Wow, That Must Make Your Husband Really Uncomfortable

sexy-woman-reading-bookApologies, folks, for those of you who clicked on this post hoping for Part Four of Misty’s Realistic Kink for the Girl Next Door. The title of this post is actually something a neighbor of mine said to me once. Can you guess the situation? (A gold star to anyone who gets this right.)

Conversation at a neighborhood dinner party went down a little like this:

Neighbor 1: “So, Rachael, are you published yet?”

Me (furiously blushing and looking for a way to change topics): “Um, no. It takes a long time.”

Neighbor 1: “What’s your book about?”

Me (blushing more profusely): “Ah, it’s a romance.”

Neighbor 2: “Wow, that must make your husband really uncomfortable.”

Whoa, right? It happened a year ago, and at the time, I had absolutely no answer for that. In fact, I wasn’t disclosing to anyone my “hobby”. It was my husband who blabbed to a neighbor, who started firing questions to me at our monthly neighborhood party. (Cue envy, yes, I live in a fab neighborhood where we all get together, eat, and let our kids run around crazy, once a month.)

Back to the statement. Being new at writing, and being a shy person, I had no desire to discuss the fact that I write (hot steamy sex scenes) with my peers. Thanks, hubby. Now that I’ve latched on to an amazing support group of fabulous writers and signed with an agent who loves my work, I’m much better armed to give romance novels the defense they deserve.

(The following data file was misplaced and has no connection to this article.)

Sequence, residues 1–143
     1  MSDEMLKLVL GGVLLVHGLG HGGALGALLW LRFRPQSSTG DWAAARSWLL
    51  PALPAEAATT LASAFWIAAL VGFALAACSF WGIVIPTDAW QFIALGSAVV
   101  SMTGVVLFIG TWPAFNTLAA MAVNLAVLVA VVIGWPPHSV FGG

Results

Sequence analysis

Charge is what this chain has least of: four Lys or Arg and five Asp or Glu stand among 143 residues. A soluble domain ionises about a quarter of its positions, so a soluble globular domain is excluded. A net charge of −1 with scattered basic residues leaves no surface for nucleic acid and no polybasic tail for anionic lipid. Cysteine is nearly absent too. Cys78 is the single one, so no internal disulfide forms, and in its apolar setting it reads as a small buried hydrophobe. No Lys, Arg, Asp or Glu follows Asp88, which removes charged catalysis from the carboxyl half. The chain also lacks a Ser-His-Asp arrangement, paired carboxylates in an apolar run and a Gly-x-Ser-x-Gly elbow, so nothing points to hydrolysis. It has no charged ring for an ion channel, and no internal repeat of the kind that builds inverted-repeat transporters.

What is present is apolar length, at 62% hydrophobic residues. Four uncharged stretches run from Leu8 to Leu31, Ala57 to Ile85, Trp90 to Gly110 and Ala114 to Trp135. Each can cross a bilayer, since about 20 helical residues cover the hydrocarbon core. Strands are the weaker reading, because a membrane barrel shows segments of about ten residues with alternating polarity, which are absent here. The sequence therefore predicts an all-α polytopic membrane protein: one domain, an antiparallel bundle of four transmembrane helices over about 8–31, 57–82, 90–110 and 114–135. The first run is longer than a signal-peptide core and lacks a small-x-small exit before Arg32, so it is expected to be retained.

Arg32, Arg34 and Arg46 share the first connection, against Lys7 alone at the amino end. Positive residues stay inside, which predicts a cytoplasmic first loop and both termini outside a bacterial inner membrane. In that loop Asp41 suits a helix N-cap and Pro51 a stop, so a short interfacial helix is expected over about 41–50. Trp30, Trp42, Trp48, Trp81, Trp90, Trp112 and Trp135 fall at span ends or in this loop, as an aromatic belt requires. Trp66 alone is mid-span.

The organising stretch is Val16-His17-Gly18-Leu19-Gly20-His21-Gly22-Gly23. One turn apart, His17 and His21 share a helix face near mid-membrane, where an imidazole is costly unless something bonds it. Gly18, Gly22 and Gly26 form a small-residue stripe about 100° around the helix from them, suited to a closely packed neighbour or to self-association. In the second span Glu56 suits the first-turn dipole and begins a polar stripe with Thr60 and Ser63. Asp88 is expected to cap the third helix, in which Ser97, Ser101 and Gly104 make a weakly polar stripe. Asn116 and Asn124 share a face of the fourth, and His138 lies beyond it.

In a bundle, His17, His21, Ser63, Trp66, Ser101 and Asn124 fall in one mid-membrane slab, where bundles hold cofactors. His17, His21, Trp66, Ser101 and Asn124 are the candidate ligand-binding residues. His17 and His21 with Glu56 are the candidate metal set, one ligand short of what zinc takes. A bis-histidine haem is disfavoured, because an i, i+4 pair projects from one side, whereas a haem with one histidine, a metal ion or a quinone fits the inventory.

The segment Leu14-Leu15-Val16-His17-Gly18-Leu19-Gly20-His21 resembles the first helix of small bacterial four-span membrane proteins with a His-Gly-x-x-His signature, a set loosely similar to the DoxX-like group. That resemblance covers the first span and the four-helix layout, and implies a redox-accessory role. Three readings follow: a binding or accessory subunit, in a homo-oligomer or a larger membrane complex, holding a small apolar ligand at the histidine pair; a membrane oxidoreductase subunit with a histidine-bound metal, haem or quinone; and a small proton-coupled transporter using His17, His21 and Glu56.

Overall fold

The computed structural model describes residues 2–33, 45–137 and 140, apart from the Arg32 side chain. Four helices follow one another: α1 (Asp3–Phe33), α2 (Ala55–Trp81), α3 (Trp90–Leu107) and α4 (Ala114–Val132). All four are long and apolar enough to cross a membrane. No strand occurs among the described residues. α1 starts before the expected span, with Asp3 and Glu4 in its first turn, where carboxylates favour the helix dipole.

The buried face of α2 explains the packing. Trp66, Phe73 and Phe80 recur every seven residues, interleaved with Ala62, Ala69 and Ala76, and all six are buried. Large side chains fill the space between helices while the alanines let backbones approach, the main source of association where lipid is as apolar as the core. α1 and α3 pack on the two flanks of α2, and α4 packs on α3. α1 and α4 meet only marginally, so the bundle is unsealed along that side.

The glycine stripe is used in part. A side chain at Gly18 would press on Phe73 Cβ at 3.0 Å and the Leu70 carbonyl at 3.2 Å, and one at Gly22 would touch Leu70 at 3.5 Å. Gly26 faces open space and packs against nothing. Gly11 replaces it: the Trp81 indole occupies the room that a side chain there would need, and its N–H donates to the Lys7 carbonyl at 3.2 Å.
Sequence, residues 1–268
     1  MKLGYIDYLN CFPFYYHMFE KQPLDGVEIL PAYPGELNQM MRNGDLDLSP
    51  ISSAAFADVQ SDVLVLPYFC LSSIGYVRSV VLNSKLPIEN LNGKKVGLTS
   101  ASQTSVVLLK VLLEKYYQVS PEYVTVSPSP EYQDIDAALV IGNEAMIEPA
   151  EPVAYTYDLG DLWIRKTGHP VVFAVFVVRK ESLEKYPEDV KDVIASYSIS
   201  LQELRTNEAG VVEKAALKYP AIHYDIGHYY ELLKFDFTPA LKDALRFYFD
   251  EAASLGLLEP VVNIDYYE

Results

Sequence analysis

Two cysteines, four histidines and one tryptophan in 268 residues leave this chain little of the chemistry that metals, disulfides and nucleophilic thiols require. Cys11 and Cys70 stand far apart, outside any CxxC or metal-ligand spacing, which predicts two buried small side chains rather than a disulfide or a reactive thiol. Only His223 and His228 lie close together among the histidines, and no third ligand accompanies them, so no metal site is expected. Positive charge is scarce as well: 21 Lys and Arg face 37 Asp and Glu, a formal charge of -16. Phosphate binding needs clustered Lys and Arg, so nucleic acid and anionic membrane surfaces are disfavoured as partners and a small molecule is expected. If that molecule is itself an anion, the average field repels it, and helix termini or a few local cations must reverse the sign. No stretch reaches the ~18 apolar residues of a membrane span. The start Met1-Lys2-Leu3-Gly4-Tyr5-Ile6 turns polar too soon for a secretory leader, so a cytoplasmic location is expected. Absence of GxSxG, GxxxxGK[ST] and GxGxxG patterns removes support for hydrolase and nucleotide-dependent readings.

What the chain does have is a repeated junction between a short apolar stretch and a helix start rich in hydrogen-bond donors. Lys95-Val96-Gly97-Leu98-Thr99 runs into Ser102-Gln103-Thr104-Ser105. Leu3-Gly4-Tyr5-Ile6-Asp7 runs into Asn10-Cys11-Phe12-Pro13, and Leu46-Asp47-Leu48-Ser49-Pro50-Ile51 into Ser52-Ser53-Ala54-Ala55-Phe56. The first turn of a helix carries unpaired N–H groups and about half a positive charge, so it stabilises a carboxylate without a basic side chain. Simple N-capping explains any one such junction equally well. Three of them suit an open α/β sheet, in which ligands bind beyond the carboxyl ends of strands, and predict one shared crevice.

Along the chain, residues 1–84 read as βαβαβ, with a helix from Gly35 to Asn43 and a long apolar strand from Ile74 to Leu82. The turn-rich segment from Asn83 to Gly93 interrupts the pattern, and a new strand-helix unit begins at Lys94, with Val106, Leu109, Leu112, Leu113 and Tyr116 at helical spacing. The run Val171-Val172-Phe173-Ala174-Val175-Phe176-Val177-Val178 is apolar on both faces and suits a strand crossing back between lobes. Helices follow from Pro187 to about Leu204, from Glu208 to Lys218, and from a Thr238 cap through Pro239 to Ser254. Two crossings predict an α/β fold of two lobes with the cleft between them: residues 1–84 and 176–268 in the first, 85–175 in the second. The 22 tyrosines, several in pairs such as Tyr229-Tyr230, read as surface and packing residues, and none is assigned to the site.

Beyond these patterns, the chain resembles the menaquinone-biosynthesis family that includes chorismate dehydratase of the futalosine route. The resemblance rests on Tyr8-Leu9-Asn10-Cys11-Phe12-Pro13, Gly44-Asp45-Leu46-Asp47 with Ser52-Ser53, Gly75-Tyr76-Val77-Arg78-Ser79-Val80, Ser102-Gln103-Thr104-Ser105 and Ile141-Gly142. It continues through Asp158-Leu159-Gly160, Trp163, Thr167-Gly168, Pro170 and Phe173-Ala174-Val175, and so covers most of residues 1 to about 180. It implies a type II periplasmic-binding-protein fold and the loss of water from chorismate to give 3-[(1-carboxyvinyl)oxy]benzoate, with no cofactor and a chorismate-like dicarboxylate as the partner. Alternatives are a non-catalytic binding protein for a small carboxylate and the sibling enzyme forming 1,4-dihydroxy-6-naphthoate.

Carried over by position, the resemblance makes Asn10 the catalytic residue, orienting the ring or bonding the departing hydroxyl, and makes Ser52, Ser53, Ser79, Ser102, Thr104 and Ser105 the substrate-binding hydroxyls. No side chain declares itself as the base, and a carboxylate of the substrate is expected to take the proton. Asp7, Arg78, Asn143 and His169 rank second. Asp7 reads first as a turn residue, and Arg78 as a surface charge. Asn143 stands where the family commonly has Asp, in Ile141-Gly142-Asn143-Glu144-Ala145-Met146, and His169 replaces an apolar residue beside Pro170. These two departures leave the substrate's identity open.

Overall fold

Seriously, WTF people? Why the bad reputation for romance novels? And why in the heck would it make my husband uncomfortable? He LOVES it. Me opening up and embracing what I write has led to a beautiful blossoming of our relationship. He couldn’t be more proud, or more… *ahem* I’ll leave that to you to figure out. *wink*Single.-Taken.-In-Love-With-A-Fictional-Character.

Hubby knows he has nothing to fear from the scenes I write, or the characters. I mean, hello, they’re FICTIONAL.

According to the RWA (stats here), romance fiction accounted for the largest share of the U.S. consumer market in 2011 at 14.3 percent. We must be doing something right. Right?

But in all honestly, why should I be ashamed of a career where I write about LOVE? What could possibly be wrong with that? In a world often darkened with violence and hatred, I like to think romance novels shed a light of hope. I love picking one up, knowing the bad guy will always get it in the end, and the hero and heroine will have their happily-ever-after.

So here are some myths I’m going to tackle: